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SPECIAL 301 Report

April 30, 2007

Report Highlights Shortfalls in Intellectual Property
Protection, Acknowledges Progress by Some U.S. Trading

DC– The Office of the U.S. Trade Representative today released its annual
“Special 301” report on the adequacy and effectiveness of intellectual property
rights (IPR) protection by U.S. trading

“Innovation is the lifeblood of a dynamic economy here in

States, and around the world.  We
defend ideas, inventions and creativity from rip off artists and
thieves,” said
U.S. Trade Representative Susan C. Schwab.  “This
report underscores the
Administration’s scrutiny in pinpointing
challenges in protecting IPR and
signals to our trading partners that
effective IPR protection will remain a
critical focus in
U.S. policy.”

As the scale of production and trade in pirated and
goods continues to expand globally, Special 301 constitutes a
policy tool for pinpointing problems, and provides a basis for

constructive engagement with U.S. trading partners in order to
address these challenges.

This “Special 301” report makes clear that many
U.S. trading
partners increasingly
appreciate the link between innovation-fueled
economic vitality and effective
government enforcement against those
who produce and trade in pirated and
counterfeit goods.  This
report makes equally clear, though, that
U.S. right
holders continue to face
major challenges to protecting their
intellectual property in many parts of the

Chinese and Russian Concerns Highlighted

Again this year, USTR’s Special 301 report highlights the
of concerns with respect to China and Russia, in spite

of some evidence of improvement.  The report also provides an
to acknowledge those trading partners whose efforts to
improve intellectual
property protection are producing positive results
both for U.S. right
holders and for
home-grown innovators in those countries.

Russia, Three Other Trading Partners,

Subject to “Out-of-Cycle” Reviews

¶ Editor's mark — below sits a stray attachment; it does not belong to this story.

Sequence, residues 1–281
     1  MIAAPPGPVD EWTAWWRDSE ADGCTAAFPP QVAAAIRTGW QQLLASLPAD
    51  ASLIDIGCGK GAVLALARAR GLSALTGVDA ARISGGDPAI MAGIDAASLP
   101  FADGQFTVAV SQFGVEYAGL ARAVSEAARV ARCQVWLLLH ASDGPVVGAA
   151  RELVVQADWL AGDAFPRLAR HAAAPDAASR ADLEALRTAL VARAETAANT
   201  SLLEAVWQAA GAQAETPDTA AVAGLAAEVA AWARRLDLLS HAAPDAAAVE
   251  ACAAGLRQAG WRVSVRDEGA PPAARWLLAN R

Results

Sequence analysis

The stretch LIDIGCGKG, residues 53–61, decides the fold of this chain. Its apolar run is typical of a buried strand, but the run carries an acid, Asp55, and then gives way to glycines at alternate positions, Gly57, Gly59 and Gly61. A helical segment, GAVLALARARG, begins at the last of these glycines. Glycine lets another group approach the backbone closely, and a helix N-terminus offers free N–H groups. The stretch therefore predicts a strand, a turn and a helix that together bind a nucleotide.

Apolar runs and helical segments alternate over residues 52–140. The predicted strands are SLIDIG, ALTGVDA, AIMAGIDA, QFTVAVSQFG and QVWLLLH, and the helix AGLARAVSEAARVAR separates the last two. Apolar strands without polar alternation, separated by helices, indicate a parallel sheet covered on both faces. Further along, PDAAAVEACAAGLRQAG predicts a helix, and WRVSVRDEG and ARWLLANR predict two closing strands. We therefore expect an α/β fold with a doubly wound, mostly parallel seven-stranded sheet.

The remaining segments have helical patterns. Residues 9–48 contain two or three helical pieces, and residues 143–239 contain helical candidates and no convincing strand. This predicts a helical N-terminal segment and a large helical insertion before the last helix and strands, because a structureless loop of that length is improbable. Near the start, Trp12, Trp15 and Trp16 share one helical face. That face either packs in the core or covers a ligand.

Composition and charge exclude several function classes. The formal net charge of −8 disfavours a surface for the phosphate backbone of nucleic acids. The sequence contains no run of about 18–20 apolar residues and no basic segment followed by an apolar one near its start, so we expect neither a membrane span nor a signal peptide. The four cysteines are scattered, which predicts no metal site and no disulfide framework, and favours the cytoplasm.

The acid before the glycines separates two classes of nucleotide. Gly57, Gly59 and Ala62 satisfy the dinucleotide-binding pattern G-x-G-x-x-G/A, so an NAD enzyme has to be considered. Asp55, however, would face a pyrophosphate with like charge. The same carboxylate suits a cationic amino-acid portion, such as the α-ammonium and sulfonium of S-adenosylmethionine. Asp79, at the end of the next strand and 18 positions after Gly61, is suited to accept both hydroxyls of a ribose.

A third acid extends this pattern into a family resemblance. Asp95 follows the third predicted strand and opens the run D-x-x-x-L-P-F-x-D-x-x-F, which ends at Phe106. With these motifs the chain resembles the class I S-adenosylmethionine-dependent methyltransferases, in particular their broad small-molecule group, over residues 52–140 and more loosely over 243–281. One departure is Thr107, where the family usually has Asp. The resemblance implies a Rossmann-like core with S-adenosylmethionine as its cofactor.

remains a
focus of U.S. trade policy in the area of
intellectual property.  Large-scale production and distribution of

IP-infringing optical media and minimally-restrained Internet piracy
are among
the major problems that require more enforcement
action.  The coming months
will be a critical period, as Russia
moves to implement a variety of legal and
law enforcement improvements
to which it committed as part of a bilateral
agreement with the United
States on Russia’s eventual accession to the World
Trade Organization
(WTO).  Implementation of these commitments will be
essential to
completing the final multilateral negotiations on the overall

Russia made ambitious commitments to
improve its IPR protection and enforcement.  As part of the
Special 301
report, USTR is also announcing an out-of-cycle review to
Russia’s progress. 

“I know that our Russian colleagues see the value of
property to Russia’s economy and are working hard

to deliver on their commitments,” said Schwab.  “I urge them to
make the
most of the coming weeks and months.”

In addition to the out-of-cycle review for
Russia, USTR announces that
reviews will be carried out with respect to Brazil, the Czech Republic and Pakistan. 

Out-of-cycle reviews are conducted on countries that
warrant further
review before the next Special 301 Report and could result in
in their status before next April’s report. 


In conjunction with the release of the report, USTR
announced the
results of an unprecedented year-long review of strengths and

weaknesses in IPR protection and enforcement in key Chinese provinces.
 “Leadership at the provincial and local levels is critical to
China’s IPR climate,” Schwab
said.  “By highlighting local problems and also giving credit
where it is
due, we encourage local leadership.” 

While the U.S. continues
to work with China in many
fora to